Humour is a tool that has been used since the dawn of advertising’s conception. People love things that are funny and we are naturally attracted to humour. The funny person at the party is always the one that has people gathered around them listening. Humour gets attention and advertisers understand this very well.
This is because advertising that uses humour is generally more effective at impacting viewers.
“In North America, where humour is used more than in any other region, 69 percent of ads in the top impact (Awareness Index) quintile are humourous (i.e., funny or light-hearted), versus only 44 percent in the bottom
Humour is used in over fifty percent of ads on television. This alone shows the power that humour holds as an advertising technique. It can make an ad more enjoyable; engaging and help people remember it better. However, if used incorrectly, humour that misses the mark can do more damage than if there was no humour at all.
An ad with poor humour is usually interpreted as irritating or just plain boring. Choosing the right kind of humour is difficult because humour is subjective, and what is funny to one person may not be funny to another. Advertisers must ensure that the majority of their target audience will find their ad funny if they want to make an impact.
An interesting element of the humour-advertising paradigm is how humour relates to branding. A crucial rule when using humour in branding advertisements is that the humour has to relate to the brand being advertised. So in one way or another, the brand itself has to be intimately woven into the humour of the ad.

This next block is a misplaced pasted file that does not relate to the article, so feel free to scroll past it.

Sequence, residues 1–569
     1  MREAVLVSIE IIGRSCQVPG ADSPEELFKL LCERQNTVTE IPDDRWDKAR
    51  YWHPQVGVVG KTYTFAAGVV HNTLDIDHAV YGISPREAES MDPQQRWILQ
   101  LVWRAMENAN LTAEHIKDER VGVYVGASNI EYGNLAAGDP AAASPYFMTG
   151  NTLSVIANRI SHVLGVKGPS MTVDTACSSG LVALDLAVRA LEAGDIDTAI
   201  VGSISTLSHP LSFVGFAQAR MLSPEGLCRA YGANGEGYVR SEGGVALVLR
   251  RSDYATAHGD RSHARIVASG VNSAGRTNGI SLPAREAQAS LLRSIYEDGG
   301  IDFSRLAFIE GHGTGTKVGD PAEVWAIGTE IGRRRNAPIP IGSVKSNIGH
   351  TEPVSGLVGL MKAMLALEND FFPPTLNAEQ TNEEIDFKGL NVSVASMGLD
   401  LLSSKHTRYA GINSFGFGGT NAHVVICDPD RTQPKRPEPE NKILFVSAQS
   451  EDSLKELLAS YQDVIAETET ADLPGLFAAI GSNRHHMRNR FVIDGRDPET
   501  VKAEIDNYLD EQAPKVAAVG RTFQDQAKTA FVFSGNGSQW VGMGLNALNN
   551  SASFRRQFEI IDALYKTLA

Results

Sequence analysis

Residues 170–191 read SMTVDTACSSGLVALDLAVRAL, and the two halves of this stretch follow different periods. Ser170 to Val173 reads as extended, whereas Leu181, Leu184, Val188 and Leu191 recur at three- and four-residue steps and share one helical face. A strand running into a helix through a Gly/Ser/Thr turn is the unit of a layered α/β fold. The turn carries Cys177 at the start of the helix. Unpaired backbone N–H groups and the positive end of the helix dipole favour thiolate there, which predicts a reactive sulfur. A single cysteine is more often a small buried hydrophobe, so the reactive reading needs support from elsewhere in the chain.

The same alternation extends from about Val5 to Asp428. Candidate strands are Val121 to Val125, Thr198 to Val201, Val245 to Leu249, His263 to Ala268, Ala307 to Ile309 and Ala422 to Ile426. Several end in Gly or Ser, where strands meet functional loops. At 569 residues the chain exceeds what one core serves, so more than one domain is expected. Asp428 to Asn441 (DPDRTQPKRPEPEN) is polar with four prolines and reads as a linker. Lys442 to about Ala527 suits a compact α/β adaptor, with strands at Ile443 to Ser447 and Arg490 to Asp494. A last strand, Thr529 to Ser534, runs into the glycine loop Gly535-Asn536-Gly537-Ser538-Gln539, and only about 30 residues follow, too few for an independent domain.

Why is this so?
If an ad is funny but is unrelated to the brand it is advertising, then the viewer will be entertained but will not remember which brand the ad was for. You have probably seen these kinds of ads before. The ad is really funny and entertaining, and then suddenly at the end there is a quick flash of the brand that the ad was for. You may have asked yourself, “What does that ad have to do with cleaning products?” These ads are the problem; because you will soon forget which product the ad was for and then go on about your day. In these cases, all the ad did was entertain you for thirty seconds and that’s it.
An example of humour and branding being done right is the famous ‘Old Spice’ ad series. These ads were very funny and entertaining, but most importantly they made the brand the centre of the ad. You could not watch that ad without remembering the name ‘Old Spice.’ The brand was the hero.
The risks of humour
One of the risks of trying to be funny is that you end up being offensive instead. Advertising is all about getting attention, and sometimes when you are trying to get attention, you push things to the limit and can end up offending viewers.
One example of this was the 2014 ‘Generation Lamb’ advertisement featuring Sam Kekovich for Australian Lamb. The ad was seen as offensive to vegan and vegetarian viewers, because it portrayed them as weak and un-Australian for their food choices. One could argue that in this case, they didn’t really alienate their target audience, but none the less it did stir up some unwanted controversy around the campaign.
As social norms and rules change, so will the type of humour that is used in advertisements. Ads tend to play with the societal structures in place at the time of their conception, so we can often see a direct correlation between what we see on TV, and what is happening in society at the time.
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